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Learning to Think Strategically

How executive courses in strategic and integrative thinking go beyond simple planning
Nov 20, 2012 — M. Filtz

If you're like many executives, you might find that in managing the day-to-day operations of your company or department, you sometimes lose sight of the big picture. Your long-term strategic plans might seem harder to achieve if you're continually focused on the small things.

Even the most successful managers “get entrenched in their recipes and routines of doing things,” says Patrick Reinmoeller. “And that locks them into specific ways of thinking about what they're doing.”
 
Reinmoeller directs the executive program “Breakthrough Strategic Thinking” at Cranfield School of Management in the UK. He says many of the program's participants are looking for new ways to break out of their old routines, because they know that the old routines can limit their potential.
 
“Usually they're high-performance in their silos,” Reinmoeller says, “but they realize that the next promotion will expose them to this empty space on top of the silo, where they suddenly have to interact with other people from other silos.”
 
“It's a real challenge for them.”
 
For these kinds of executives, a short course that focuses on strategic thinking can help in many different ways. These courses can provide concepts and frameworks that can be applied to anything from seizing new career opportunities to managing a project or growing a business.
 
Indeed, business schools offer a variety of strategic thinking courses, focusing on different applications. For example, Wharton Executive Education offers a week-long course in “Strategic Thinking and Management for Competitive Advantage;” York Schulich offers a program in “Critical Thinking and Strategic Problem Solving Skills for Leaders,” and the University of Virginia's Darden School of Business has a course in “Strategic Thinking and Action.”
 
Strategic thinking can be especially important because it can give executives the rare opportunity to step back and evaluate business operations between larger strategy discussions.
 
“What we see is that executives in companies might go off-site for two days, once a year, to update their strategic plan,” says Grant Sieff, who teaches “Strategic Thinking and Execution for Growth” at the University of Cape Town Graduate School of Business.
 
By their nature, strategic plans tend to be static, and can be disconnected from the real business world, where things change daily, or even hourly. 
 
“The nature of the operating environment is so volatile that there needs to be a thinking process with every operational transaction that links the executives back to that plan, and that keeps that plan alive and relevant,” says Sieff.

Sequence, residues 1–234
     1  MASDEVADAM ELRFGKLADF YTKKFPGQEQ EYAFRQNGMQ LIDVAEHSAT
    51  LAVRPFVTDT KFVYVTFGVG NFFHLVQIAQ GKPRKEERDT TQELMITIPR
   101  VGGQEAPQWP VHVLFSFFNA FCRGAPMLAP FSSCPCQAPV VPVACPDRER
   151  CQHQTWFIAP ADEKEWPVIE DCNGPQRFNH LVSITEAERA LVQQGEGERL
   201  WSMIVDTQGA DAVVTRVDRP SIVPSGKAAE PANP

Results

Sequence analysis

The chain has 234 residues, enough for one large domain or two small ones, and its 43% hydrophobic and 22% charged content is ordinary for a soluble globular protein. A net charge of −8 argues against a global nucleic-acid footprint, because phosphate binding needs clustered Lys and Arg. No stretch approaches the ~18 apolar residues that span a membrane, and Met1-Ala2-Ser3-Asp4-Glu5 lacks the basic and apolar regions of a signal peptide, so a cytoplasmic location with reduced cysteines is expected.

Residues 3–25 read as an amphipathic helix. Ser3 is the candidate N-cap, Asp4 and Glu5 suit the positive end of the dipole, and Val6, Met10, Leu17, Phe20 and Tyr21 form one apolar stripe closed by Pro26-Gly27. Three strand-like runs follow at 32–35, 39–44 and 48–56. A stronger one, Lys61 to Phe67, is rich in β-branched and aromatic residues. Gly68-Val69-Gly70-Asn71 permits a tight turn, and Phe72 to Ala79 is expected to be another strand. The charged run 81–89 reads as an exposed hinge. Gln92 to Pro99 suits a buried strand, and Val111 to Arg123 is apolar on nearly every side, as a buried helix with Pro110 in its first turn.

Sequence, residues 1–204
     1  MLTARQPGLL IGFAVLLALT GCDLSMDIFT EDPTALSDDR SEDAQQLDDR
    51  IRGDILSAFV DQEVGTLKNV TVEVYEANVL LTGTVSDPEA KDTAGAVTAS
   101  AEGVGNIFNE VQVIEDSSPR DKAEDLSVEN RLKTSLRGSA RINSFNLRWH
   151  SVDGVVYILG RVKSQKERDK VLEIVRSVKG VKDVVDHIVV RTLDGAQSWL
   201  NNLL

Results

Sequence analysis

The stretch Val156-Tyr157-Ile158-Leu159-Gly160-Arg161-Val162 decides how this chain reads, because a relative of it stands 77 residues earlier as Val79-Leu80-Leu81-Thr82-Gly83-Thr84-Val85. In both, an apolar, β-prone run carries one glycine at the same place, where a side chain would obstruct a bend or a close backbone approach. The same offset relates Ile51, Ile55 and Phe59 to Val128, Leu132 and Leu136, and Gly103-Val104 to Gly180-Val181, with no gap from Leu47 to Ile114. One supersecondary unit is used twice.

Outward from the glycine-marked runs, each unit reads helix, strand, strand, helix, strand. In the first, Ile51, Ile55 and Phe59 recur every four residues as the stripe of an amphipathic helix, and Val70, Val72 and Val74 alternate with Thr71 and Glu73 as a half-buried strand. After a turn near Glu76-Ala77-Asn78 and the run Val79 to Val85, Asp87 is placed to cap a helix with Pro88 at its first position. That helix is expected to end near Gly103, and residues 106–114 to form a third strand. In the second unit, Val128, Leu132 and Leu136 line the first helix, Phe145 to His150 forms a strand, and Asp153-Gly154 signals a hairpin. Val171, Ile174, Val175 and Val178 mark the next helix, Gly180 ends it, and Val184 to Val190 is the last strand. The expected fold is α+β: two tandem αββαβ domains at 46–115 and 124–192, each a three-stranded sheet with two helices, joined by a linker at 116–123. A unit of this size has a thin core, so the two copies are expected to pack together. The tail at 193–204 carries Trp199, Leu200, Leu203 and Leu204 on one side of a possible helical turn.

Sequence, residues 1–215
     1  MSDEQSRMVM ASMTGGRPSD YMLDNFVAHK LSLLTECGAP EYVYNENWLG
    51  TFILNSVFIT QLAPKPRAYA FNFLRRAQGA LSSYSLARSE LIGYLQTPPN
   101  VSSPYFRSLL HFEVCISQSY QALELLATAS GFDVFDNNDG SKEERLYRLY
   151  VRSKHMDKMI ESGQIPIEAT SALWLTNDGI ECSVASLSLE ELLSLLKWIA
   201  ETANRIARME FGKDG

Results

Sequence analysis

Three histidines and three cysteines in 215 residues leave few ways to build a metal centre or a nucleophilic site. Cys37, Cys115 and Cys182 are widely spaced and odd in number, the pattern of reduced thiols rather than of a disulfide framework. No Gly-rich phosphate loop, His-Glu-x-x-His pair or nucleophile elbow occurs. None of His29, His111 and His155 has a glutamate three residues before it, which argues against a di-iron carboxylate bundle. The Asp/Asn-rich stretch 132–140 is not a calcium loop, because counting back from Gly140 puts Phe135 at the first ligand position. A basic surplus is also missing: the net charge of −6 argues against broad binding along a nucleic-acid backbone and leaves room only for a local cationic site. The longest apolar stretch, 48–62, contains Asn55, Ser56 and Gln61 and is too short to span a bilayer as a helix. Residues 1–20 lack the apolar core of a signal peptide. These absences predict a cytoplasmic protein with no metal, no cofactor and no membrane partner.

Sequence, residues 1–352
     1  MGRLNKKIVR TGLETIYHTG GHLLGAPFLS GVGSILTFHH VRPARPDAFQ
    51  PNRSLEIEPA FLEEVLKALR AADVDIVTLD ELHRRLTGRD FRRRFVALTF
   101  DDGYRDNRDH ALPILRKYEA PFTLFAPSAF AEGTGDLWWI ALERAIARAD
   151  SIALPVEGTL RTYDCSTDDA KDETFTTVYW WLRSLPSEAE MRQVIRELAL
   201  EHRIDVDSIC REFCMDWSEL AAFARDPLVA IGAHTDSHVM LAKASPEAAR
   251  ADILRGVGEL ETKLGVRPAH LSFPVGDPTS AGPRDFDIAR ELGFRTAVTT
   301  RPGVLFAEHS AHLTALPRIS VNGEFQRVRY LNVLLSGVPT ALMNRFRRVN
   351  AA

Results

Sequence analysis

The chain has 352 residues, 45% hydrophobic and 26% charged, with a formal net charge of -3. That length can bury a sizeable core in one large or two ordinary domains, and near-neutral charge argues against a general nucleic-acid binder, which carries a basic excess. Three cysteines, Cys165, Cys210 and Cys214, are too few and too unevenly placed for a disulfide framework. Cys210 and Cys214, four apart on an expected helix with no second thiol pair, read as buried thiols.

Cranfield's Patrick Reinmoeller agrees. He says that the goal of strategic thinking “is to continuously question whether your old way of winning works tomorrow.”
 
This continuous strategic thinking process can be beneficial to many executives, in a variety of functional roles.
 
“Strategic thinking occurs in all the various functions of any organizational challenge, so people who are in the marketing profession have to engage with strategic thinking, people who are in human resources have to engage in strategic thinking,” says John Oesch, who teaches a five-day course “Leading Strategic Change: An Integrative Thinking Approach” at the Rotman School of Management.
 
Integrative thinking is similar to strategic thinking, and can be used in developing solutions to complex, or “wicked” problems. Like strategic thinking, integrative thinking is a methodology that works best when applied continuously.
 
“Part of the integrative thinking approach is that you're constantly building feedback loops from which you can learn,” Oesch says.
 
To teach managers to be effective strategic thinkers, executive programs rely on a variety of learning methods. For example, in the University of Cape Town's “Strategic Thinking and Execution for Growth,” participants cover traditional case studies, but much of the four-day course is geared toward interactive, roundtable discussions. 
 
According to Grant Sieff, since participants come from a variety of different backgrounds, the discussion format helps participants see their own strategic issues from different perspectives.
 
“It allows us to explore the nature of the operating environment,” he says, “within which we all have to struggle and cope – to explore it from our different lenses.”
 
One of the main benefits of executive education programs in strategic thinking is that they allow executives to immediately apply new insights. For example, participants who attend Rotman's “Leading Strategic Change: An Integrative Thinking Approach” program are able to address their projects during the course. 
 
“We ask that people have a real, ongoing, live project,” John Oesch says, so that they're able to analyze it and apply new approaches.
 
Some executive programs are set up in ways that allow participants to directly implement these strategic thinking insights in the real business environment. For example, Cranfield's “Breakthrough Strategic Thinking” program is a modular course that's delivered in two two-day sessions. In between the two sessions is a period of between six weeks and two months where participants are able to apply new ideas.
 
“When they come back to the program, they'll present to each other what kind of concepts they applied, and which ideas have achieved some kind of success,” says Patrick Reinmoeller.
 
“And by doing so, they push their own project ahead.”
 
Photo: Mykl Roventine / Flickr

 

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